The adaptive functionality of limitations on war

At Gene Expressions, matoko-chan has posted a consideration of just war theory from an evolutionary standpoint, reflections on a give-and-take we’d had in the comments of one of my posts on just wars.

It’s important that we not lose track of the fact that human social systems and the laws and rules of ethics that come with them are technologies, tools for living happier and more satisfying lives.  The ethical and legal principles governing the decision to go to war and how war should be conducted most definitely has benefits.  They enable members of societies that practice them to specialize and, as has been known for nearly 300 years, that has economic benefits—we’re more prosperous as a result and live healthier, more fulfilling lives as a result.  Practicing such principles allows the societies to avoid certain costs.

I am concerned that what we’re seeing in the hostilities between Israel and Hezbollah, both on the part of the Israelis and on the part of Hezbollah, will become the future way of war in a post-Westphalian world.  This is the world being created by the radicals and ideologues who have degraded the role of states in human society by attempting to reduce the role of states and treating non-states as though they were states.  That is the nature of radicals and ideologues:  they hurry to discard social technologies without understanding the purpose and workings of the technology they’re discarding.  I think it’s a world that will be poorer and meaner.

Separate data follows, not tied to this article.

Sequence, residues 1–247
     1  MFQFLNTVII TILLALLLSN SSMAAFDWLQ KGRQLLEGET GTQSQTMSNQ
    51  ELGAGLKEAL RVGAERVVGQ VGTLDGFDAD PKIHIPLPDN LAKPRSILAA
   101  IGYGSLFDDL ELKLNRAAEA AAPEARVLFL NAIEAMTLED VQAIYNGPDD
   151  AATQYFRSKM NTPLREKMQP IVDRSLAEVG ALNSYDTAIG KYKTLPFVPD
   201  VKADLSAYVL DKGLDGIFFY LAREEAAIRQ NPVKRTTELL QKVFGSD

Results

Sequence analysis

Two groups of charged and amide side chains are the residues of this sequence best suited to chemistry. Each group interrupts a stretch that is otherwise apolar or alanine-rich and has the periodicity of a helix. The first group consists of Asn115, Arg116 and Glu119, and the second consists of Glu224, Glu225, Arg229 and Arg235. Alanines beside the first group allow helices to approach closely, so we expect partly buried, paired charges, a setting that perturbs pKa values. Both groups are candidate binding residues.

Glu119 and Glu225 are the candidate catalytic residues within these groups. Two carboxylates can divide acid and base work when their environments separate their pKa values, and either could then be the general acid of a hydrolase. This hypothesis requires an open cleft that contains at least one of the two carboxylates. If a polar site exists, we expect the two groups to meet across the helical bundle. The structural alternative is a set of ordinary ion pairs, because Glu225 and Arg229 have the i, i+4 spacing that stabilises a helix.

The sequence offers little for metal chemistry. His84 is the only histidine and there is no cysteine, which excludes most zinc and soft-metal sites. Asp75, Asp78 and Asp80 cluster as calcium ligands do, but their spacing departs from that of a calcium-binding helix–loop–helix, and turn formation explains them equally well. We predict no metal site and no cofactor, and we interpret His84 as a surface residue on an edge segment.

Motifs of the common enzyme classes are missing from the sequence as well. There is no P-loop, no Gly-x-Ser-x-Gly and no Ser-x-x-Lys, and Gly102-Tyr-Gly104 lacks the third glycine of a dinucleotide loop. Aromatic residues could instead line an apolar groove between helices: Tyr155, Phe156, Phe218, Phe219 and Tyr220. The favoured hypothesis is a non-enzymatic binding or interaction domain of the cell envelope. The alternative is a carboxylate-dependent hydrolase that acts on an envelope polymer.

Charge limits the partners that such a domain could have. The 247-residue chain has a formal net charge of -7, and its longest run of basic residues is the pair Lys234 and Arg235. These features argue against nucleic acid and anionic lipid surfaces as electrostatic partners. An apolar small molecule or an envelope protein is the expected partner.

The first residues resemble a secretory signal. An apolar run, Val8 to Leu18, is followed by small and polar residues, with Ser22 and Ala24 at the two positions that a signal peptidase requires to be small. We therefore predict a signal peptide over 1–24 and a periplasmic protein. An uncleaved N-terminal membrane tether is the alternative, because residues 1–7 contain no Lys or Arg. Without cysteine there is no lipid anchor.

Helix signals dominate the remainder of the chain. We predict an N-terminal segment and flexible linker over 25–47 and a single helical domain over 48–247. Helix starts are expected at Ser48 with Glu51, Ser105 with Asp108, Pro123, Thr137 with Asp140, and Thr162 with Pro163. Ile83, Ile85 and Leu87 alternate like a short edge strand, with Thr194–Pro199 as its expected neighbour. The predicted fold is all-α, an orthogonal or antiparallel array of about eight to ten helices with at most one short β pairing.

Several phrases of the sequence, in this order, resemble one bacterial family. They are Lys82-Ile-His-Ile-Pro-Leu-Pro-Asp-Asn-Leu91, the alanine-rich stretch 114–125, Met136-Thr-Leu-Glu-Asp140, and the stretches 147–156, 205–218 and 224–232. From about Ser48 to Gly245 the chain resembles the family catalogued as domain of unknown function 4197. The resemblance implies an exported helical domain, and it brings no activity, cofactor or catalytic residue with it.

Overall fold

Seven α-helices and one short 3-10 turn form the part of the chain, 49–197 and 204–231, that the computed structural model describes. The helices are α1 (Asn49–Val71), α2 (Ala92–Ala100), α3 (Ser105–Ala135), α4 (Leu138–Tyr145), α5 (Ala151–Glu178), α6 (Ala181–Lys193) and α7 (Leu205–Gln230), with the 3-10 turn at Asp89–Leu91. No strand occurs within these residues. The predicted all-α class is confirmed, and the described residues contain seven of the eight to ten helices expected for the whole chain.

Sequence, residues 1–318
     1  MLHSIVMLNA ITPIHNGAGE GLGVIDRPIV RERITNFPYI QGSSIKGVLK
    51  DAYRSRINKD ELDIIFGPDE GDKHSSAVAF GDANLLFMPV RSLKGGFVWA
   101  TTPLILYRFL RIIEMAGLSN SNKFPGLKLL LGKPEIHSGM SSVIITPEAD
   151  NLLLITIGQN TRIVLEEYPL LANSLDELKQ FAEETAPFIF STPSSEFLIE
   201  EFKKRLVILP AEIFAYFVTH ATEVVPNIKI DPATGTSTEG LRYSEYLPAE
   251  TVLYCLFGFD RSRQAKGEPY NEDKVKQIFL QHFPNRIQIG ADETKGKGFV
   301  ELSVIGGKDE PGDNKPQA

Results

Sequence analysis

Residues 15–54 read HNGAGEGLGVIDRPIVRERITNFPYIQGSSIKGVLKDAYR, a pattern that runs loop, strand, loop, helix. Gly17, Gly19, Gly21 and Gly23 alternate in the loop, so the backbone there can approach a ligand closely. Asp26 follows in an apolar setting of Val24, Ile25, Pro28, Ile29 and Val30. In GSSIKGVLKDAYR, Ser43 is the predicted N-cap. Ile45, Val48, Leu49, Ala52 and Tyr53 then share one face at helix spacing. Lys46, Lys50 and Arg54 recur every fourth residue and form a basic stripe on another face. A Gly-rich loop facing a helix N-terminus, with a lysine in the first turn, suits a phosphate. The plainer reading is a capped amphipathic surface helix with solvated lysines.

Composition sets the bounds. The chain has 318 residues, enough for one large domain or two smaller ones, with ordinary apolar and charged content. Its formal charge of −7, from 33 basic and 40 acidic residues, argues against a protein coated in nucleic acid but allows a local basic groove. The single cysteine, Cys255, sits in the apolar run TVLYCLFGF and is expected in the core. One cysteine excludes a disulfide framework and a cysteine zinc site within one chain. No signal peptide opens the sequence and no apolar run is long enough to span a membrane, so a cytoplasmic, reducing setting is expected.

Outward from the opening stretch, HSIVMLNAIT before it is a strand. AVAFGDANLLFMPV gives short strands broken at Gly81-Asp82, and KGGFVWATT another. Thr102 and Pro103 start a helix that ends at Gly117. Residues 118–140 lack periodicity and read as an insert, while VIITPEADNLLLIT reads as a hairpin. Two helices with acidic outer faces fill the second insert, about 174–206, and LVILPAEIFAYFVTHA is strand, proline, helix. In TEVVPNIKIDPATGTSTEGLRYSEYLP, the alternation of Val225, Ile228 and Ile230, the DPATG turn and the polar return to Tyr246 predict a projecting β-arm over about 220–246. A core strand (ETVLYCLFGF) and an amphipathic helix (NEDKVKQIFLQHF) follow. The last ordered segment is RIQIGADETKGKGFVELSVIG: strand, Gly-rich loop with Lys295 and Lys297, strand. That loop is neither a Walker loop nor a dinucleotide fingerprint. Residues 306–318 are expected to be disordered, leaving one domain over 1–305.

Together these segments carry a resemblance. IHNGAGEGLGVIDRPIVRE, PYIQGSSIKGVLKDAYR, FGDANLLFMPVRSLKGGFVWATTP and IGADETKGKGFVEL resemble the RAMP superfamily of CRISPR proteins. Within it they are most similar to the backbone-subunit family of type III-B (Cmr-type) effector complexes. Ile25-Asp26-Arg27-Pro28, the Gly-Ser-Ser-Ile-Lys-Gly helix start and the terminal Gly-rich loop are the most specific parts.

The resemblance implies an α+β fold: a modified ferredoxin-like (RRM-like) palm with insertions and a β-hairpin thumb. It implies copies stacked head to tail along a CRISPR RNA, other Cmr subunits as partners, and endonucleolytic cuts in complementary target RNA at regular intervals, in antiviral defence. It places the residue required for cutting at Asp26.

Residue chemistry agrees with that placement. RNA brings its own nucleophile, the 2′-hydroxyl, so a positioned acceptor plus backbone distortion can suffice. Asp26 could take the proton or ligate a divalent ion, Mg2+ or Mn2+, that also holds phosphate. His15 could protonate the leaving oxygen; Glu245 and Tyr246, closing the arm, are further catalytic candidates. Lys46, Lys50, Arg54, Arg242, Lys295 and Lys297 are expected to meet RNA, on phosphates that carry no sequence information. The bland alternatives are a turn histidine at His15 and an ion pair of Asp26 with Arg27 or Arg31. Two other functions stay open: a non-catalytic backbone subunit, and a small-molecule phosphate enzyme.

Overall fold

If you want to understand the social, economic, and psychological costs of this new world, look to Israel.  They’ve been adapting to them for the last 50 years.

7 comments… add one
  • i don’t think that this is the end of westphalian war– just the continuation of bidness as usual in the adversary sense.
    my comment from gnxp–
    this is a two-player prisoner-exchange that escalated into tit-for-tat
    ahhh, the immortal SDB

  • also, according to games theory and SDB, israel is acting correctly, in its optimal interests, to win the game.

  • What the prisoner’s dilemma does not allow for is changing the nature of the game. I don’t believe that Israel is playing tit-for-tat in Lebanon and Gaza; I believe they are changing the game. Israel has spent about a decade trying land-for-peace where their opponents (Palestinians, Hizb’allah and Syria, in the most proximate sense) were trying to gain land for strategic advantage.

    That game failed Israel in two ways. The first is that Israel was still being attacked from the formerly-occupied territory. In the case of Hizb’allah, they manufactured the Shebaa Farms issue to have an excuse to not disarm and to keep fighting. Hamas didn’t even bother with the fig leaf. It was clear that the attacks would not stop. Secondly, the nature of the attacks had changed. The effort required to capture Israeli soldiers was in each case quite high, and in both Gaza and Lebanon, the enemy were firing rockets at Israeli civilian centers, though with little practical effect at the time. (Hizb’allah did not pull out the more effective rockets, nor launch them in sufficient numbers, until Israel counter-attacked.)